This will lead to even worse consequences.
Trying to stop global warming by spraying aerosol particles in the stratosphere was not a very good idea: all of the benefits of slowing warming can be cut by the fall in yields because of the blackout, the authors write.
One of the most popular ideas in the field of geoengineering (directional influence on the Earth’s climate to combat anthropogenic warming) is the mass spraying in the stratosphere of aerosols containing sulphur compounds. It is assumed that such a “stratospheric veil” will reduce the amount of sunlight reaching the Earth’s surface, and slow the growth of the average temperature.
Jonathan Proctor (Jonathan Proctor) at the University of California at Berkeley and his colleagues decided to find out how the creation of such a shield from solar radiation will affect agriculture. Because large-scale geoengineering experiments is considered too risky, scientists used natural analogue and the prototype of this process is the eruption of large volcanoes. For example, the volcano Pinatubo erupted in 1991, was thrown into the atmosphere approximately 20 million tons of sulfur dioxide, which reduced global average temperature by about half a degree Celsius.
“Blackout of the planet limits the growth temperature which helps crops grow better. But since plants need sunlight, his blocking could have an impact on growth. For agriculture the negative effects of this method on the scale of equal benefits. That’s about as experimental surgical treatment: the side effects seem no better than the disease,” said Proctor, quoted by the press service of the University.
The scientists compared data on the yields of corn, soybeans, rice and wheat in 105 countries over the period from 1979 to 2009, monitored data of the illumination and satellite observation of aerosols in the stratosphere. In the years there have been two major volcanic eruptions, El Chichon in Mexico in 1982 and Pinatubo in the Philippines 1991. They found that the additional diffusion of light due to aerosols reduced the yield of all crops: for example, after the Pinatubo eruption yield of maize due to changes in ambient light have been reduced by 9.3 percent, and the yield of corn, soybeans and rice — 4.8 per cent (part of the reduction could be offset by favorable plants decrease in temperature).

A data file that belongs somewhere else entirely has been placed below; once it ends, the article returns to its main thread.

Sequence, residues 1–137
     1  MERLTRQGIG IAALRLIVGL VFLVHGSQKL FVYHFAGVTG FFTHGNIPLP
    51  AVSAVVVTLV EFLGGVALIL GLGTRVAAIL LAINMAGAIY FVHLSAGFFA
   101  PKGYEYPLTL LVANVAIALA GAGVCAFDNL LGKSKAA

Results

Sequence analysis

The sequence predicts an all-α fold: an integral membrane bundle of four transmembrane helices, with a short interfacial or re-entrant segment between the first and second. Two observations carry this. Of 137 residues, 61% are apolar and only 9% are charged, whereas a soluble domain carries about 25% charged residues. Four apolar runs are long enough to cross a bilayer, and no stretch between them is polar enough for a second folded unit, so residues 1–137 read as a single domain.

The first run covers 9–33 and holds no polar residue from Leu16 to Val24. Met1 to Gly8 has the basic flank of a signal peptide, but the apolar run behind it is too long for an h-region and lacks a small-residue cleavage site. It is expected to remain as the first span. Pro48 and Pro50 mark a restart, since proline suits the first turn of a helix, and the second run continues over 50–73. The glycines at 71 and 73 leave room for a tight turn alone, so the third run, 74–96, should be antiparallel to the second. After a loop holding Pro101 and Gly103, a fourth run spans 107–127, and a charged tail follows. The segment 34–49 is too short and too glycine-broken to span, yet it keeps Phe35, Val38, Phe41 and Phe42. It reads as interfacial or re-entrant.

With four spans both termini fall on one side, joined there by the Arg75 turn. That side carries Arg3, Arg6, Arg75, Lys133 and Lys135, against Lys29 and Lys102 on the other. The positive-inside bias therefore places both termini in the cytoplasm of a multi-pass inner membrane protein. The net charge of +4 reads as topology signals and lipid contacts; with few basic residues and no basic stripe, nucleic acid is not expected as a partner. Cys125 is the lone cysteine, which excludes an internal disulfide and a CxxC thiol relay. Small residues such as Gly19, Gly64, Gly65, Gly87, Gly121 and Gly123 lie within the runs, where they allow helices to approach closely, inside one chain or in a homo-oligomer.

Then, using climate models, they showed that by mid century the entire gain in yield from a hypothetical “veil” in the form of at least high temperatures will be closed it down because of the deteriorating light. Theoretically, farmers can adapt to reduced illumination, such as choosing more resistant varieties of it, however, the possibility and limits of such adaptation is difficult to assess.
The researchers note that in some previous works spraying atmospheric aerosols was associated with an additional yield increase due to the fact that the scattered light better reaches the leaves inside the crown. Apparently, this effect is weaker than previously thought, because the authors did not see a net increase in the yield over the lifetime of aerosols.
According to scientists, their result does not imply that the method of spraying aerosols should be abandoned, perhaps in other sectors of the economy the positive impact will be substantial. They insist that before proceeding to the experiments, you need to understand the benefits, costs, and risks of geoengineering projects, which while very little is known.